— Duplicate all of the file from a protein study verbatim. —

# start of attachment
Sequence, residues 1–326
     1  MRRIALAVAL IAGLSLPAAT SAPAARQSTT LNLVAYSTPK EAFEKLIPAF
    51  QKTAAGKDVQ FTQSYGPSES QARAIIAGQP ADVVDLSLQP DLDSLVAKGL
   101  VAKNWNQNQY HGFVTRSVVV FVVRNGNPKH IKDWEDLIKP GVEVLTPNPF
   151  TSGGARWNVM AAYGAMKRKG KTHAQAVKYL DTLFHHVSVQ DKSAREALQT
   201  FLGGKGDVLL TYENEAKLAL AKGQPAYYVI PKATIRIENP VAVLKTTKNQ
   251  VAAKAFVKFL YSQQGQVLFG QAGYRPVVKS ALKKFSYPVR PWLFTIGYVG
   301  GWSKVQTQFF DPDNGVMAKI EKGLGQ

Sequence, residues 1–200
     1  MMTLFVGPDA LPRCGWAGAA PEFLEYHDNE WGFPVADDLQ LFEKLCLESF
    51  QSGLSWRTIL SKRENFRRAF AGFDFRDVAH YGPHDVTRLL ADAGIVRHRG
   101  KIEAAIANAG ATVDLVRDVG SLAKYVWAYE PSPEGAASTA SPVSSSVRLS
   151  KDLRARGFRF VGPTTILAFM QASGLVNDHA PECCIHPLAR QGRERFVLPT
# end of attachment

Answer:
Sequence, residues 1–326
     1  MRRIALAVAL IAGLSLPAAT SAPAARQSTT LNLVAYSTPK EAFEKLIPAF
    51  QKTAAGKDVQ FTQSYGPSES QARAIIAGQP ADVVDLSLQP DLDSLVAKGL
   101  VAKNWNQNQY HGFVTRSVVV FVVRNGNPKH IKDWEDLIKP GVEVLTPNPF
   151  TSGGARWNVM AAYGAMKRKG KTHAQAVKYL DTLFHHVSVQ DKSAREALQT
   201  FLGGKGDVLL TYENEAKLAL AKGQPAYYVI PKATIRIENP VAVLKTTKNQ
   251  VAAKAFVKFL YSQQGQVLFG QAGYRPVVKS ALKKFSYPVR PWLFTIGYVG
   301  GWSKVQTQFF DPDNGVMAKI EKGLGQ

Sequence, residues 1–200
     1  MMTLFVGPDA LPRCGWAGAA PEFLEYHDNE WGFPVADDLQ LFEKLCLESF
    51  QSGLSWRTIL SKRENFRRAF AGFDFRDVAH YGPHDVTRLL ADAGIVRHRG
   101  KIEAAIANAG ATVDLVRDVG SLAKYVWAYE PSPEGAASTA SPVSSSVRLS
   151  KDLRARGFRF VGPTTILAFM QASGLVNDHA PECCIHPLAR QGRERFVLPT